Friday, July 8, 2011

Crowdfunded, open source PCR machine now available!

A couple of months ago, I helped my husband pick out a used microscope (his hobby, collecting and identifying wild mushrooms, sometimes requires 1000X magnification for spores) and joked that I can't get away from biology equipment, even at home. Now it's also possible to kit out our basement laboratory with an inexpensive, open source PCR machine.

I sort of love the idea of backyard biologists using these OpenPCR devices to replicate their BioBricks, but a more likely application would be for science labs at public schools, or medical diagnostic facilities in the developing world. The PCR machines at my lab cost around $10,000 each; OpenPCR costs $512.

Of course, for PCR to work you also need access to DNA primers, nucleotides, and polymerase, which you aren't likely to have lying around the house. Determined citizen scientists will have to track down a source of those materials if they want to get into the PCR game. Still, pretty cool!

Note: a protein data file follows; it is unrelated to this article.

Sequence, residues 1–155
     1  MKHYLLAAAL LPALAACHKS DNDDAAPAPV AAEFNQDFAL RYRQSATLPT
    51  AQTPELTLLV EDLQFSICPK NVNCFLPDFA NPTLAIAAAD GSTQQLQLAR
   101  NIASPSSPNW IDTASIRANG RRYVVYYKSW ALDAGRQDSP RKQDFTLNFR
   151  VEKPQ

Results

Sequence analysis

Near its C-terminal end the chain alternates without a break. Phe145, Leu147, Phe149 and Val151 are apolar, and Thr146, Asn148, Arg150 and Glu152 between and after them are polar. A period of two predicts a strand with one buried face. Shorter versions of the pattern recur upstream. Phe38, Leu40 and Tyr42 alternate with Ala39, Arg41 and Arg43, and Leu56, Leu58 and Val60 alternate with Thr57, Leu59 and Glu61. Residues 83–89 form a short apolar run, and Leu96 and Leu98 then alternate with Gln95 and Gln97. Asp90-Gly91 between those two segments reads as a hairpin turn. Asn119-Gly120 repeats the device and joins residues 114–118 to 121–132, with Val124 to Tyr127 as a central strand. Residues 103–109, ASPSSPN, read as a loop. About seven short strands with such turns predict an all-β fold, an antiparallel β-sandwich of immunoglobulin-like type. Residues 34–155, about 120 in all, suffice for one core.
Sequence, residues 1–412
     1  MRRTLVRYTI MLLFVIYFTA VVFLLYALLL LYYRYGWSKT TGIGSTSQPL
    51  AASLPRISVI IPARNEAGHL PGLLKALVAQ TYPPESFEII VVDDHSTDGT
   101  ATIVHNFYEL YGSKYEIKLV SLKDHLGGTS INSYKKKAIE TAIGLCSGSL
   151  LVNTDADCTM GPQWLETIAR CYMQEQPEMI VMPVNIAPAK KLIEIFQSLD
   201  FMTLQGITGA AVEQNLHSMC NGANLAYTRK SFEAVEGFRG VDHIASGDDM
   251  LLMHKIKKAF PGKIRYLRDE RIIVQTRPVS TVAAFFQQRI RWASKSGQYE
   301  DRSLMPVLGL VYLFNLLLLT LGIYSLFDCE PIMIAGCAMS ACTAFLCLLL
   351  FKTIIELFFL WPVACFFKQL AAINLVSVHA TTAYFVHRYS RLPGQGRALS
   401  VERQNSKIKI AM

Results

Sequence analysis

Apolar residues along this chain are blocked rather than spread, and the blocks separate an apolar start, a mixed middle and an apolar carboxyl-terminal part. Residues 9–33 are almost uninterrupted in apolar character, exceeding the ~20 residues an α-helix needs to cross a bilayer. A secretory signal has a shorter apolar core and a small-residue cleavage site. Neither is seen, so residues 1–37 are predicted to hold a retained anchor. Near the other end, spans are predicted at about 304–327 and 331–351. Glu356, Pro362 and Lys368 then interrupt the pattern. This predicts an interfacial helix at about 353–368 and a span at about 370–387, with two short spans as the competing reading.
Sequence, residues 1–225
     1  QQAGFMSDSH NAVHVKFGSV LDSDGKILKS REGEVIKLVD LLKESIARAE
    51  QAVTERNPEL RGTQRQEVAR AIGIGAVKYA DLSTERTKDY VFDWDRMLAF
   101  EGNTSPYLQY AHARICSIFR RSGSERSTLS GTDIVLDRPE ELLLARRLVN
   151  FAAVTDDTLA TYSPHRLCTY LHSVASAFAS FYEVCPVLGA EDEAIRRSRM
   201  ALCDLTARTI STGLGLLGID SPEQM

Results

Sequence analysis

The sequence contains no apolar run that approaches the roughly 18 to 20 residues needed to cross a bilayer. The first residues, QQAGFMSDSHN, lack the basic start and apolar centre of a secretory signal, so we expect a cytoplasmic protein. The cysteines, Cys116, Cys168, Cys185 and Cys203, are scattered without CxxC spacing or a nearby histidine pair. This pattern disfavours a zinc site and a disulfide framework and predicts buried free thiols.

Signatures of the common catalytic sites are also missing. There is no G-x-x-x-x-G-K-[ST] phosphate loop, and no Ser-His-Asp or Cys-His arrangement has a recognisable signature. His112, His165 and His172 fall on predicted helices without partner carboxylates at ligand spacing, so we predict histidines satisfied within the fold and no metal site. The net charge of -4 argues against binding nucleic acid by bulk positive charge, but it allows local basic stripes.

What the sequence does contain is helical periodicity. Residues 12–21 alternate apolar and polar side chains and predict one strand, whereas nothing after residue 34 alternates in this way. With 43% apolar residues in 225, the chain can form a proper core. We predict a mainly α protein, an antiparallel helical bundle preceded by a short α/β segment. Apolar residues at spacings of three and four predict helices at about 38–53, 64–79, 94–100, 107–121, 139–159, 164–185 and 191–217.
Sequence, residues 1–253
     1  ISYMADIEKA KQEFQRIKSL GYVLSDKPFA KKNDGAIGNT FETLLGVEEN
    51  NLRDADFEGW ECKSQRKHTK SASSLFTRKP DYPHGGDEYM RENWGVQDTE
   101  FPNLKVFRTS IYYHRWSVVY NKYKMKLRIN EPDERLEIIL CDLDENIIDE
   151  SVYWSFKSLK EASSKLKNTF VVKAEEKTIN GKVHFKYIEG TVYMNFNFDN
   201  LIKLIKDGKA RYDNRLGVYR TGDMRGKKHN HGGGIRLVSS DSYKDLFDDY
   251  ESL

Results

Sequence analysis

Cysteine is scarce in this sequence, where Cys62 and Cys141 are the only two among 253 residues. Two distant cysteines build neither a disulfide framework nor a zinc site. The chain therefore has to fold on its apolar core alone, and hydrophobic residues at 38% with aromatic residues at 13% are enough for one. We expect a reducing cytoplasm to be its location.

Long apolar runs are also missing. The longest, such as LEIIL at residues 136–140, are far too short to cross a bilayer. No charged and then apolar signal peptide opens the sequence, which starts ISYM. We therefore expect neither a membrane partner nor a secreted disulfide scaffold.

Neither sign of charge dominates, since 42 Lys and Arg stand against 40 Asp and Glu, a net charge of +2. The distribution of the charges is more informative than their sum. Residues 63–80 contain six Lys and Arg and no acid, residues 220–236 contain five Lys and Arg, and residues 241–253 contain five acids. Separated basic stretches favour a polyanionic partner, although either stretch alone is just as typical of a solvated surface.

(Via BoingBoing.)

Wednesday, July 6, 2011

Journal of Neuroscience launches "Journal Club"

My graduate program director just emailed to say that The Journal of Neuroscience is soliciting reviews of recent articles for a new series of features that they call "Journal Club." Trainees (students and postdocs only) are invited to review publications from the past two months, although "inappropriately harsh or glowing reviews will not be considered." Submissions should be no longer than 1500 words.

This should be of special interest to neurobloggers, who are often creating this sort of content anyway for their blogs. (Although, this bit will be tough for bloggers: "Titles should be informative; the Journal discourages word play.")

I'm intrigued, and also a little intimidated. I mean, it's fine for me to spout off about a paper on the internets, but J. Neurosci? That's playing for keeps.

Do you plan to submit any Journal Club reviews?